A typical HTTP session
An HTTP session is a temporary information exchange between a server and a client. It is a sequence of network request-response transactions that are initiated by the client using TCP or an alternative protocol on a specific port. Typically, HTTP Sessions are created using port 80 or 8080. If a secure, encrypted session is created using HTTPS, then the default connection is made using port 443.
There are different versions of the Hypertext Transfer Protocol with the first major one being HTTP/1.1. The next major revision is HTTP/2, which was published as a standard in 2015. The next major revision is HTTP/3, which has not yet been officially adopted. However, the majority of web browsers already support it.
HTTP/2 is largely compatible with HTTP/1.1, with the high-level semantics left intact. The standard is primarily intended to decrease latency, leading to improved page loading speed in web browsers. One of the techniques applied is header Compression, which serves to shorten the transmission at the expense of additional processing cycles on each side of the transmission.
The semantics of the third major installment, HTTP/3, remain unchanged from the previous two versions of the protocol. However, the underlying transport protocol is no longer TCP, but QUIC. The change in protocol is intended to address the problem of “head-of-line blocking” that occurred in HTTP/2.
In this client-server protocol, there are three different stages. First, the connection is established using TCP or the QUIC protocol. Once the connection has been made, the client sends a HTTP request. In the final stage, the server processes the request and sends the appropriate data and a relevant status code back to the client.
For HTTP/1.0 and below, the HTTP Connection is dropped after the HTTP request is answered. In HTTP/1.1 and later, a keep-alive mechanism is used to improve performance for subsequent requests from the same client.
Step #1: Establishing a connection
The client establishes the HTTP Connection with the server using TCP or QUIC on one of the ports that the server is using to listen for HTTP connections.
By default, port 80 or 443 is used. The port can be specified as part of the URL, although it is assumed to be 80 if it is not included.
An HTTP session does not include provision for the server to send data to the client without an accompanying request. However, developers use different techniques to accomplish this. In HTTP/2, for example, the Server Push option allows the server to send more HTTP responses to the client before they are requested by the client. This is used in cases where the server knows in advance what the client will need to fully render the page, and thus does not have to wait for the request to arrive before sending the data.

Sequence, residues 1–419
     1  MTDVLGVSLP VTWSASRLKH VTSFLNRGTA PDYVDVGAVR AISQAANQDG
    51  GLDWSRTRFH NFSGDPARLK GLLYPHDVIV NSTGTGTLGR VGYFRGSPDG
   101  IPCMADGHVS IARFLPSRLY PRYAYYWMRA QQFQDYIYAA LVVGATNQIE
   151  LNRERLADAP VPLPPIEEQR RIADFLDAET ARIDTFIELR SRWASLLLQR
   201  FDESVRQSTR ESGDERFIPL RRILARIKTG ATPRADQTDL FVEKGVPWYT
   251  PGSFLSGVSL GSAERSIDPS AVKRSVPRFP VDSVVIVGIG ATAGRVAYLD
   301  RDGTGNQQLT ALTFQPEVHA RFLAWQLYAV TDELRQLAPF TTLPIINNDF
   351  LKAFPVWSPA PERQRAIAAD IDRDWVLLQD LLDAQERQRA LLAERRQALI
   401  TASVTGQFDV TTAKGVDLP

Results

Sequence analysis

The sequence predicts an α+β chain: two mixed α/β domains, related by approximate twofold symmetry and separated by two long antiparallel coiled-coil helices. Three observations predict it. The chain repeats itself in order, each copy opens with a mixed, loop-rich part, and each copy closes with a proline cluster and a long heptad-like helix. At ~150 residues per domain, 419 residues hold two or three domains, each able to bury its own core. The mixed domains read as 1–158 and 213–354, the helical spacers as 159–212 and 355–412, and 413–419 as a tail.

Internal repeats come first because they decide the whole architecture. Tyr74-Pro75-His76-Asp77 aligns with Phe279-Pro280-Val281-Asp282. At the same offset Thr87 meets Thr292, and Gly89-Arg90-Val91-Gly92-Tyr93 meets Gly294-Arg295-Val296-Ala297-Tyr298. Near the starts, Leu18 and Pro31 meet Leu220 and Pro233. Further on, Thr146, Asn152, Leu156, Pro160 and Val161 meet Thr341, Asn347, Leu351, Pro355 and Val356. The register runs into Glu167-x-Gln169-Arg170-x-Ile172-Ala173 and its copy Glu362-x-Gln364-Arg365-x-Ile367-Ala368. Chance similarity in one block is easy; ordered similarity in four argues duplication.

Step #2: Sending the request
After the HTTP Connection is made, the client can send the HTTP request. Each HTTP request is a set of text instructions, each separated by a CRLF. There are several different request messages that the server expects, as follows:
The request line contains the HTTP request method, the HTTP request target, and the version of the protocol. Each component is separated by a space and the line is terminated with a CRLF.
For backward compatibility predating HTTP/1.0, a request line containing only that path is accepted by servers.
The HTTP protocol defines the set of HTTP request methods that can be used. They are GET, HEAD, POST, PUT, DELETE, CONNECT, OPTIONS, TRACE, and PATCH. The behavior of a specific method is guided by the HTTP header fields that are included as part of the HTTP request.
Request header fields
A HTTP request header field is a specifier that guides the HTTP request method that is being executed. Each HTTP request header field includes a field name, followed by a colon and optional whitespace, and the field value followed by optional whitespace. Each HTTP request header field is terminated with a CRLF.